NEW YORK — New York City police officer Ryan Nash was responding to a call about an emotionally disturbed person at a high school not far from the World Trade Center when someone reported an accident on the bike path outside.
Nash and his partner, John Hasiotis, raced to a gruesome sight: A man in a truck had slammed into a school bus after mowing down people in a bike lane. He was waving guns around and yelling. Nash, 28, told him to drop the weapons and then fired once, striking the man.
Nash stopped the attacker, Sayfullo Saipov, in his tracks, but the officer is too modest to admit he's a hero, officials said.
"He was a hero," said Gov. Andre Cuomo. "And the NYPD is not just the leadership, it's the men and women who are out there every day who are on the first line, and I think officer Nash really showed how important they are and how talented and how brave."
Saipov was actually wielding a pellet gun and a paintball gun, authorities said, but they looked like real guns. Witnesses reported the 29-year-old hollered "Allahu akbar," or "God is great!" in Arabic.
Hasiotis and two other officers, Michael Welsome and Kevin McGinn, secured the area, took witness statements and grabbed the guns. And they showed restraint by not firing their weapons into the crowded area, police said.
"While we mourn the terrible loss of life and the injuries to innocent people, we are proud of, and grateful for, the quick action of a team of police officers who responded to cries for help and took charge of a chaotic and dangerous situation," said police union president Patrick Lynch.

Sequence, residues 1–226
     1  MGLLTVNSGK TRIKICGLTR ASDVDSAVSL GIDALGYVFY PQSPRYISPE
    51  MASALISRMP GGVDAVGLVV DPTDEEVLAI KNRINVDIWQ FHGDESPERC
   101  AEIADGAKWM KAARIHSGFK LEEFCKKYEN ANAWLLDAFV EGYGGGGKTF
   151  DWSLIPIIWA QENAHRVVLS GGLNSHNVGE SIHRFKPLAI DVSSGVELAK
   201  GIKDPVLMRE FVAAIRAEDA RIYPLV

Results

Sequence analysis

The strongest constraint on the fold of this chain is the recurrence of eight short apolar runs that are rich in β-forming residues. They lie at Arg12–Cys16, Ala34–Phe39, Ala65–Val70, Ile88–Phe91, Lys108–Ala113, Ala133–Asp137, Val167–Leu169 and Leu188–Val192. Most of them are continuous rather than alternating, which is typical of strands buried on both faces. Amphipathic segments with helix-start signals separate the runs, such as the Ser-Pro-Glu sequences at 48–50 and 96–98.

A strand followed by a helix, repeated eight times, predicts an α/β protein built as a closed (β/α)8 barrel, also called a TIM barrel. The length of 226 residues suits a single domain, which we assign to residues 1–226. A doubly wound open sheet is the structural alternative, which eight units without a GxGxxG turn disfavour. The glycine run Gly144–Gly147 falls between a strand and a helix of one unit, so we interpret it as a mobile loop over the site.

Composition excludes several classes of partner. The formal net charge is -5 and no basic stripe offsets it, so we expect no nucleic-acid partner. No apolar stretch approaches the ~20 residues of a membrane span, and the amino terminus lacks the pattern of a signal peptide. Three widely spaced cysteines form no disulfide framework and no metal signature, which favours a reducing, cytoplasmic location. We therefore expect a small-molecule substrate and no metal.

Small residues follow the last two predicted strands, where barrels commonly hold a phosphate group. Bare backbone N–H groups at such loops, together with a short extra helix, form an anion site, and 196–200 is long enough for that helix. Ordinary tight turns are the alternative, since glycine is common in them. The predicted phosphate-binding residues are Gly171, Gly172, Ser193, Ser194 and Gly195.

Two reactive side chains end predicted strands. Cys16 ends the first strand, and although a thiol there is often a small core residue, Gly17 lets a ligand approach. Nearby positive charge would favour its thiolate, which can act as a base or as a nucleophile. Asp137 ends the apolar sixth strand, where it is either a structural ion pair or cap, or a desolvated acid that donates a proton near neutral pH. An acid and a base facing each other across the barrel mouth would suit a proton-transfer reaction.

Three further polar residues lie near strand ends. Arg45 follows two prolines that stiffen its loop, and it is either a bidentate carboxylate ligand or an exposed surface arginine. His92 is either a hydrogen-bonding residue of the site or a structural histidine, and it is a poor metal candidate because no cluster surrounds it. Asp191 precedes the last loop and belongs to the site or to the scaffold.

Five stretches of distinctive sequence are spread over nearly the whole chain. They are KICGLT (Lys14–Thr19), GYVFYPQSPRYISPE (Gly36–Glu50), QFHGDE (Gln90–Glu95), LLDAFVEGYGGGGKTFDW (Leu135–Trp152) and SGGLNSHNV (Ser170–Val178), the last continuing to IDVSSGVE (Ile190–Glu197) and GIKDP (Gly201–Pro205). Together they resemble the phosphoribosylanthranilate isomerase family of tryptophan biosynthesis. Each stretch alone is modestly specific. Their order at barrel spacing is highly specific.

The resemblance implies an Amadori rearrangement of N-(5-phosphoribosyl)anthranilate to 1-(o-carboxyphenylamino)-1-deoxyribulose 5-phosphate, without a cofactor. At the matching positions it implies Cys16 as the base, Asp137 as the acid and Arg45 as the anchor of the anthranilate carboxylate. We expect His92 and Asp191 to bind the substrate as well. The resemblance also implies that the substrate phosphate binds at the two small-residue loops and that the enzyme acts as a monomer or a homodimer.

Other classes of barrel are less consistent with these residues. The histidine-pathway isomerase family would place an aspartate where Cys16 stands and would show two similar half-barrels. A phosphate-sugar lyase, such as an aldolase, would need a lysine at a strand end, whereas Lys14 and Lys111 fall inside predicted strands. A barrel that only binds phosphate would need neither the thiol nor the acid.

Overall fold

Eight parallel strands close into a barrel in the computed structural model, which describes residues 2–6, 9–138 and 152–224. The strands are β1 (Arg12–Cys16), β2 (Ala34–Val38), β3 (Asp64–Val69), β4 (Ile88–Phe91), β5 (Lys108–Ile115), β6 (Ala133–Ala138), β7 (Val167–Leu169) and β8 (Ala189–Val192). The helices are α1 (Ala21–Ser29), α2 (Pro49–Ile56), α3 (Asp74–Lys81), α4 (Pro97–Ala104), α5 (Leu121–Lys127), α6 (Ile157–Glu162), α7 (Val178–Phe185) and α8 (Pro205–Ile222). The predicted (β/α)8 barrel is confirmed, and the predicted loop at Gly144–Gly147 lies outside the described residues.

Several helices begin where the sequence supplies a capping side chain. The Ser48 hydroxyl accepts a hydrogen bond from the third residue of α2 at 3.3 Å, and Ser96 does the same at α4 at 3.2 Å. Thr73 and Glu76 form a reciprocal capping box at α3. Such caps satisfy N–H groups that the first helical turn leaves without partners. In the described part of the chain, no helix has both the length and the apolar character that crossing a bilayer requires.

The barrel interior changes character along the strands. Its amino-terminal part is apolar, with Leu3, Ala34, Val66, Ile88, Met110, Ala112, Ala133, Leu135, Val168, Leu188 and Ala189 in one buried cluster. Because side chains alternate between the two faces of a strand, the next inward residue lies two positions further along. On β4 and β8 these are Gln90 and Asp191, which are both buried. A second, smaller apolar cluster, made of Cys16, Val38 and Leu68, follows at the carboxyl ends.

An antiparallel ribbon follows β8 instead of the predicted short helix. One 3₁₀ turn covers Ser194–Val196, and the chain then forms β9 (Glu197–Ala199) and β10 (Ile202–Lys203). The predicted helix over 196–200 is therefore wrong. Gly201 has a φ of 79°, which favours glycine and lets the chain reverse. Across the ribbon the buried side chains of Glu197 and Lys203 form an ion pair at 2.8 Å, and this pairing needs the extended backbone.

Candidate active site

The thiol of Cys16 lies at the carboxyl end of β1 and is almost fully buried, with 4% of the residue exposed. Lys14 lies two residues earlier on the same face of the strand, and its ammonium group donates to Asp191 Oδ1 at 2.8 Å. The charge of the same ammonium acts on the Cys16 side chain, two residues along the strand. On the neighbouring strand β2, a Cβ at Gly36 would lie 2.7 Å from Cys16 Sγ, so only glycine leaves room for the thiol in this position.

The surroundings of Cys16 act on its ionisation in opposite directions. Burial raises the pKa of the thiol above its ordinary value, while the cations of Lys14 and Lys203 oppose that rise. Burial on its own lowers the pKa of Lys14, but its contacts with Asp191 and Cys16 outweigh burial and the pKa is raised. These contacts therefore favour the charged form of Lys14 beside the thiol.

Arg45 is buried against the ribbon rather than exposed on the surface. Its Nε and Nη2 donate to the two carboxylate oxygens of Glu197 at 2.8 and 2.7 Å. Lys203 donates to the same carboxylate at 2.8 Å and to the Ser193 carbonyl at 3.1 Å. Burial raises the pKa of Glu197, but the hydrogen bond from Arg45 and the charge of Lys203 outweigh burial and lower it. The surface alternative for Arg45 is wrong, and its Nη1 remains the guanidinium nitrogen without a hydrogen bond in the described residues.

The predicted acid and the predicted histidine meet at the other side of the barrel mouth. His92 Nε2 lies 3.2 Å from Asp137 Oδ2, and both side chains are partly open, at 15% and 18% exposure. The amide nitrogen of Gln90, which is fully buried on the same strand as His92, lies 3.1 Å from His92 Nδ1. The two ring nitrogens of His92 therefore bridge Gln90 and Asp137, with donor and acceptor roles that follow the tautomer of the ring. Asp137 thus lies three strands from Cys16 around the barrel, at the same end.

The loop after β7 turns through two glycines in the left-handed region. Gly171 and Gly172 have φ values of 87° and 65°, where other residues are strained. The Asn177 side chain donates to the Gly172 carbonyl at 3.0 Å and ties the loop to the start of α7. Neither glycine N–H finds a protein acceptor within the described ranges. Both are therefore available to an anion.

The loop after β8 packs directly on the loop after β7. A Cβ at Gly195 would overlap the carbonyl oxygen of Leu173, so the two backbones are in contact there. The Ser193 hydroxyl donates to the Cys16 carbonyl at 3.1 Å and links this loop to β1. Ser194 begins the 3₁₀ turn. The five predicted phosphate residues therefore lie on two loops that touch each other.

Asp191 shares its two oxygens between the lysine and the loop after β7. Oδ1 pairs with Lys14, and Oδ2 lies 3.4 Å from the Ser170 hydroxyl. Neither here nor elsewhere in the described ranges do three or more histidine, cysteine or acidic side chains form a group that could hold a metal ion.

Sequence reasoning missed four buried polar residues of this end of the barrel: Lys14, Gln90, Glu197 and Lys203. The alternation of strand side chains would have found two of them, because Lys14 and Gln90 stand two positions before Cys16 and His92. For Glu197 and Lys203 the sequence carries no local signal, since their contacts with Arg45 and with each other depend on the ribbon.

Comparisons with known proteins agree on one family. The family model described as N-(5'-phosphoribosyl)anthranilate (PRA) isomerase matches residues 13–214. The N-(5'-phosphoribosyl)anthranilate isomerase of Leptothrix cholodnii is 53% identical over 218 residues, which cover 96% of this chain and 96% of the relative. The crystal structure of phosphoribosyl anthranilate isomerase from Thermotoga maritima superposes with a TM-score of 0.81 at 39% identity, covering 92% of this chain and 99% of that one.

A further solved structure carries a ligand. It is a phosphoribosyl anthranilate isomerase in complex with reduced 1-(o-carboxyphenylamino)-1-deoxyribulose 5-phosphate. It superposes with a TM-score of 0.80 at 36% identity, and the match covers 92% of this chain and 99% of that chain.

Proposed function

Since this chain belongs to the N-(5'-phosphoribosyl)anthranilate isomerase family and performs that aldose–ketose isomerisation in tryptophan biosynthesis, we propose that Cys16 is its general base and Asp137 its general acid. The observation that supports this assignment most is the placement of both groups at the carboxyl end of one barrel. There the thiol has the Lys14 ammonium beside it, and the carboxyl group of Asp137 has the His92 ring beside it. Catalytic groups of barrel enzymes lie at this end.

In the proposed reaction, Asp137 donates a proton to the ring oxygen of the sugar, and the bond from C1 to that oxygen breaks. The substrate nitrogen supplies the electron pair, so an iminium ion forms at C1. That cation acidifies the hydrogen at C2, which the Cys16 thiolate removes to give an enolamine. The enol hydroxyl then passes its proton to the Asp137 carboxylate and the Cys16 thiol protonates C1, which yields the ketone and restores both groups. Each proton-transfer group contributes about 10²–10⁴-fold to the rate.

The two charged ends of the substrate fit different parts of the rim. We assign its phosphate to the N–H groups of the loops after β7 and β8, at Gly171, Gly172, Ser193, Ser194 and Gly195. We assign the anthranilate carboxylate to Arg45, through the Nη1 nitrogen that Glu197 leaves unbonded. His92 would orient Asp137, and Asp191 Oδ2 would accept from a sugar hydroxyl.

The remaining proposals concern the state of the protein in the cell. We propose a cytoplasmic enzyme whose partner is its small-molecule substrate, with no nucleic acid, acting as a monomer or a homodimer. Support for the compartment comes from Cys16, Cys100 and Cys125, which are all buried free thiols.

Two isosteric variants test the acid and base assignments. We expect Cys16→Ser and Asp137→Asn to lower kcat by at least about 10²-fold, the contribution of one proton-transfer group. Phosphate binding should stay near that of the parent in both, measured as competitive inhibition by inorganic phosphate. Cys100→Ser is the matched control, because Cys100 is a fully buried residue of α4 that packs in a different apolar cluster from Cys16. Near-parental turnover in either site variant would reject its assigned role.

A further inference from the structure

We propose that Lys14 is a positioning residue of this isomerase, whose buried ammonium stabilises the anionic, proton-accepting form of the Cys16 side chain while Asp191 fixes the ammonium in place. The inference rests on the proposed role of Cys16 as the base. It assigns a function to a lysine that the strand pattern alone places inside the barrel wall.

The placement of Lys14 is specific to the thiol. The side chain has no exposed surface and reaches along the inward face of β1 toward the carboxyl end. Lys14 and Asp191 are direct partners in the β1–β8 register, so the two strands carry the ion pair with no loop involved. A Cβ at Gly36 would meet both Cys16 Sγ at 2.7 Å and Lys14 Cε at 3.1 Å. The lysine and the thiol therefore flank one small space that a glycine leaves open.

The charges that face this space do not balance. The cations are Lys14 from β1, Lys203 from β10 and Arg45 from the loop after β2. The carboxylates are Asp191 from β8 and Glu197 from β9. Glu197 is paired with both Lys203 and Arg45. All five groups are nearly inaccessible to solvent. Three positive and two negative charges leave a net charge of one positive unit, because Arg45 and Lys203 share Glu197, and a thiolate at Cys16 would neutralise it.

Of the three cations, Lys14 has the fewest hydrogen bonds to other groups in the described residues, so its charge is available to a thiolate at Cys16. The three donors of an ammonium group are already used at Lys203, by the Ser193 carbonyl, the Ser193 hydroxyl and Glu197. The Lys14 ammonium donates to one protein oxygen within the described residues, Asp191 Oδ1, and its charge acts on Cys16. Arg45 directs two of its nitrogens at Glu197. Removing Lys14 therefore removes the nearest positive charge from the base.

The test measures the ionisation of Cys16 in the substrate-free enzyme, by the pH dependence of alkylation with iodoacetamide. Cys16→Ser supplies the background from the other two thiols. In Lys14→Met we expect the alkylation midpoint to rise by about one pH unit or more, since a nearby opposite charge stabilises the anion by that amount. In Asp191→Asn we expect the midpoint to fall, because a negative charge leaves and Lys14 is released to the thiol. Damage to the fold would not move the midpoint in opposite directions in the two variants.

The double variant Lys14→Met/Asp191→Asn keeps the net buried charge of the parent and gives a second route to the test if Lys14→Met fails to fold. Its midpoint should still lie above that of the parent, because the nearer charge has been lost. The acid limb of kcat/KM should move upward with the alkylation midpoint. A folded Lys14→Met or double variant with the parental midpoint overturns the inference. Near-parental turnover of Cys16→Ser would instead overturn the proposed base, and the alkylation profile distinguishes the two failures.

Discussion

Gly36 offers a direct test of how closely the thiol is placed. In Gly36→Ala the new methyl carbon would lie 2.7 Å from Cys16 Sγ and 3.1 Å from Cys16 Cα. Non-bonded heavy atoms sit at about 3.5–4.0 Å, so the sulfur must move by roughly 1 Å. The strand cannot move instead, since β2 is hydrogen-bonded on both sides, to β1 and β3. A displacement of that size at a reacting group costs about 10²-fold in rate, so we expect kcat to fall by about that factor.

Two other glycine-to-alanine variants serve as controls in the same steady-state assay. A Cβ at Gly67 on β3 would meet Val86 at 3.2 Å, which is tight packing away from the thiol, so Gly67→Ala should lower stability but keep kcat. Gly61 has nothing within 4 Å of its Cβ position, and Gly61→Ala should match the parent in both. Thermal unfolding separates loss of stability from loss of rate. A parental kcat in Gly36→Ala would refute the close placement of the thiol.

Mayor Bill de Blasio and other civic leaders commended Nash for his cool head — and said he was a humble officer who felt like he was just doing his job.
"What he did was extraordinary. It gave people such faith and such appreciation in our police force," de Blasio said.
Nash was taken to the hospital for a ringing in the ears and met with Police Commissioner James O'Neill.
"In a typical fashion of an NYPD cop, he thinks what he did was not an act of heroism," O'Neill said. "He thinks it's ... why he joined the police department."
Nash appeared outside a police stationhouse in suburban Long Island a few miles from his home Wednesday and said he appreciates the praise but he was just doing his job.
"I appreciate the public recognition of the actions of myself and my fellow officers yesterday, although I feel we were just doing our job like thousands of officers do every day," he said.
Nash added that "due to the nature of the pending criminal case I cannot make any further public statements about the incident at this time."
No one answered the door earlier Wednesday at Nash's two-story yellow Cape Cod-style home. Neighbors said he moved in sometime in the past year and largely kept to himself, though he often jogged outside.
"What he did was amazing, you know, helping to keep anybody else from being killed," said neighbor Dino Cortina. "It's just nice to know, nice guy."
Cortina's wife, Margie, said Nash kept to himself but was friendly.
"We feel safer now knowing that there's a hero, you know, in our neighborhood."
In Tuesday's attack, Saipov drove his speeding truck for nearly a mile along the bike path, running down cyclists and pedestrians, then crashed into a school bus, authorities said. Eight people were killed and 12 injured.
O'Neill praised the police response to the attack in a departmentwide email. He said the goal of terrorists is to promote hate and divisiveness.
"But what we've seen here, instead, is that these acts simply strengthen the resolve of New Yorkers and, in fact, all Americans," O'Neill said.